Competing crime rallies illustrate Oakland’s political divide

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The hall at Genesis Worship Center in East Oakland and a nearby street were uncommonly busy Saturday — not for religious services but for a pair of events to discuss Oakland’s public safety problems.

A rally organized by Neighbors Together Oakland, a group formed by political activist Seneca Scott, a former mayoral candidate known for controversial statements, drew more than 200 people to Hillside Street to decry what they consider a growing crime problem in Oakland and a failure of city leaders to address it.

The event preceded a community meeting staged by Oakland and Alameda County officials across Ritchie Street in the center’s chapel. The meeting featured a host of city and county officials, including Alameda County District Attorney Pamela Price and Oakland Mayor Sheng Thao, and started a half hour after the first event wrapped up.

The two events demonstrated the political divide that has erupted in Oakland as the city struggles to gain control of its crime problems while embracing its desires to reform the criminal justice system. 

A crowd waits in line to attend a public safety presentation at Genesis Worship Center in Oakland. 

A crowd waits in line to attend a public safety presentation at Genesis Worship Center in Oakland. 

Yalonda M. James/The Chronicle

While hundreds of folks waited in line outside, just 70 people were able to enter the church and witness presentations from Price, Thao, County Supervisor Nate Miley and other city and county officials.

Unlike a previous community meeting in Montclair that devolved  into a shouting match, Saturday’s session was mostly orderly, except for one incident in which a man interrupted Price’s presentation, shouting: “Are you going to defend us? Are you going to protect us?”

The district attorney did not address the man, who was escorted from the building.

Both Price and Thao largely relied on prepared video presentations to defend their performances in their months in office. The church’s Bishop George Matthews served as moderator, asking the speakers questions submitted in advance. Speakers did not field questions from the audience.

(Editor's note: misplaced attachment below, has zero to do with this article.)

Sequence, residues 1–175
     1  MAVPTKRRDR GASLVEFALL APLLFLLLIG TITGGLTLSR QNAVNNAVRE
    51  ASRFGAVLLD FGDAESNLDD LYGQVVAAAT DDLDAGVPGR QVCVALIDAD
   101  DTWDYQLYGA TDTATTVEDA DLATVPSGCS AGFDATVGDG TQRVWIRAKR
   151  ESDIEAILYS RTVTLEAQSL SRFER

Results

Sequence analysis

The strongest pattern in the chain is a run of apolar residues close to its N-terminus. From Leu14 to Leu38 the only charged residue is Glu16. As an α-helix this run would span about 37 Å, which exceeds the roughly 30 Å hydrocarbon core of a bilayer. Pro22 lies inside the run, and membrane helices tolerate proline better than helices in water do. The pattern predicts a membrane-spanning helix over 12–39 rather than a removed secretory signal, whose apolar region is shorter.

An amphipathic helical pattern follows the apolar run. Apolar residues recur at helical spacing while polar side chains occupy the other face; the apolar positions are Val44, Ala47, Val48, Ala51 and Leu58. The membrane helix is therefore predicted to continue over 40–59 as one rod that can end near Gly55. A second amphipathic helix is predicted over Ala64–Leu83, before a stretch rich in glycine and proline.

Price, who has been mostly quiet as criticism of her performance in office has rained down, defended it more forcefully Saturday, saying she doesn’t favor criminals over victims, has expanded and diversified the District Attorney’s Office staff, including hiring victim advocates, and has met with families and victims of crime.

Alameda County District Attorney Pamela Price, left, Oakland Mayor Sheng Thao and county Supervisor Nate Miley prepare to speak during a community safety meeting.

Alameda County District Attorney Pamela Price, left, Oakland Mayor Sheng Thao and county Supervisor Nate Miley prepare to speak during a community safety meeting.

Yalonda M. James/The Chronicle

“Notwithstanding the criticism, we are victim centered,” she said, stressing that she’s taken steps to focus more on female crime victims of crime.

The district attorney also decried “the media hype” and dismissed perceptions that she ignores victims and their survivors.

“For someone to get on the news and say because I didn’t meet with them I’m not doing my job is not fair,” she said, noting that she’s met with many crime victims and families.

“I can’t meet with every victim of crime,” she said.

Price said her office has charged 7,610 cases in 2023, “including murder and serious violent felonies.”

She also pointed out that she’s often blamed for Oakland problems over which she has no control — police staffing and slow response to 911 calls among them.

“I am not the mayor of Oakland,” she said several times during her presentation.

Oakland Mayor Sheng Thao describes her efforts to combat crime during a public safety presentation at Genesis Worship Center.

Oakland Mayor Sheng Thao describes her efforts to combat crime during a public safety presentation at Genesis Worship Center.

Yalonda M. James/The Chronicle

During her turn at the mic, Thao defended her approach to fighting crime in Oakland, saying she’s increased the numbers of officers on the streets to the highest level in three years as well as boosting programs directed at crime intervention and prevention.

More officers are in training in police academies at a time when most U.S. law enforcement agencies are having trouble recruiting new ones, Thao said, adding that she’s dedicated eight sworn officers to foot patrols and seven to traffic enforcement.

“But we will never have an officer on every block,” she said, noting that it takes time to get new officers hired, trained and deployed.

“You don’t just hire officers and put them on the street the next day,” she said.

The mayor said she  will announce a plan Monday to speed up response to 911 calls. Residents frequently complain that calls to 911 ring repeatedly before they’re answered.

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